‘Christians don’t give up on things’: lessons to be learned from understanding Sydney’s Christian history

There are certain lessons that can only be understood by standing in a place and looking left and right.

To understand, for example, the crucial role churches played in the community of colonial Sydney, is best learned by standing on Lang Street in Sydney’s CBD, and recognising why it was previously known as Church Street. There were Anglican, Presbyterian and Methodist churches all within a few hundred metres of each other.

That’s highly significant, says eminent historian Stuart Piggin. “The churches were close to the people. You get a sense of the prominence of the church in the local community.”

Piggin, co-author of mammoth histories of Australian evangelicalism The Fountain of Public Prosperity and Attending to the National Soul, believes understanding the role Sydney’s early churches in the city’s development is one of many gems of history that has lessons for today. So he’s on a mission to tell the story better — by putting on his walking shoes.

Piggin is leading a three-day tour of Sydney and Parramatta in an effort to help people learn from Sydney’s early Christian past, and shape its Christian future.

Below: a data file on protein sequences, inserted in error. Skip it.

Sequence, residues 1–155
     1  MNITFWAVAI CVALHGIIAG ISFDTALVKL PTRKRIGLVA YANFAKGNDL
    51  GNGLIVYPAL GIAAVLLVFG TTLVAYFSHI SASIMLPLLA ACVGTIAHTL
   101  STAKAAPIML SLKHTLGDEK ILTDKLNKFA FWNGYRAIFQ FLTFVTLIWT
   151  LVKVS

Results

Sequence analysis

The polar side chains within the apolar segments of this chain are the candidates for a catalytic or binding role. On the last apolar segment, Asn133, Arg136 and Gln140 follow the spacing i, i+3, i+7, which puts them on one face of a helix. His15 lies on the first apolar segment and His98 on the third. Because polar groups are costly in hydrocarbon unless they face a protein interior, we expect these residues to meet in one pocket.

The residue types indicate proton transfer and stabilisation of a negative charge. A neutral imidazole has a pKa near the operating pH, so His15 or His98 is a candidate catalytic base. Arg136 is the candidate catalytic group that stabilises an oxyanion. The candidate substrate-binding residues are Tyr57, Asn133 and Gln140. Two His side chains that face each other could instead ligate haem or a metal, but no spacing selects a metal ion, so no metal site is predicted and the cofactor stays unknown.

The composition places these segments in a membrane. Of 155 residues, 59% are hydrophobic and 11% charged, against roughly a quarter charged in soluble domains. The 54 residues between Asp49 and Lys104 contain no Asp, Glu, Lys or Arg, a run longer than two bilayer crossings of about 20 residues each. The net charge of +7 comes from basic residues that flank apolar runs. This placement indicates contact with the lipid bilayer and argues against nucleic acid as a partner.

The tour is set to focus on Sydney’s first churches and ministry work, as well as the Christian family ‘dynasties’, as Piggin describes them, such as Richard Johnson and the Hassall family.

The story of Sydney’s growth is, to an extent, the story of Australia. Central to the country’s story is the dispossession of land from Indigenous people.

“There was a chronic failure, of course,” he says about relations between Indigenous and non-Indigenous people.”

But, “when the full story is told about the history of Australia, and you get into the details as distinct from the generalisations, I think we’ll be surprised that the efforts which the early Christians made to communicate the gospel to Aboriginal people.”

St Phillips Church in the 1860s

St Phillips Church in the 1860s (State Library of NSW)

Piggin hopes the tour helps people apply the lessons of the past to Australia’s future.

“Aboriginal reconciliation is still a work for the future. But you’ve got to keep the Christian voice in the conversation because in Christianity the ideas of reconciliation and forgiveness are essential. If the future is in continuity with the past, there will be energetic application by Christians too, in helping remain committed to [reconciliation] until it happens.

“Christians don’t give up on things, which is good.”

Equipping people to understand God’s work in the past — and future — is something that gets Piggin excited.

“The idea of using sites in order to step off points into the wider Christian experience is great,” he says. “Keith Hancock, the great Australian historian, spoke about linking the parish pump to the cosmos, and seeing how these local manifestations of Christianity relate to what’s going on in the world. It’s what we’re going to try and do.”

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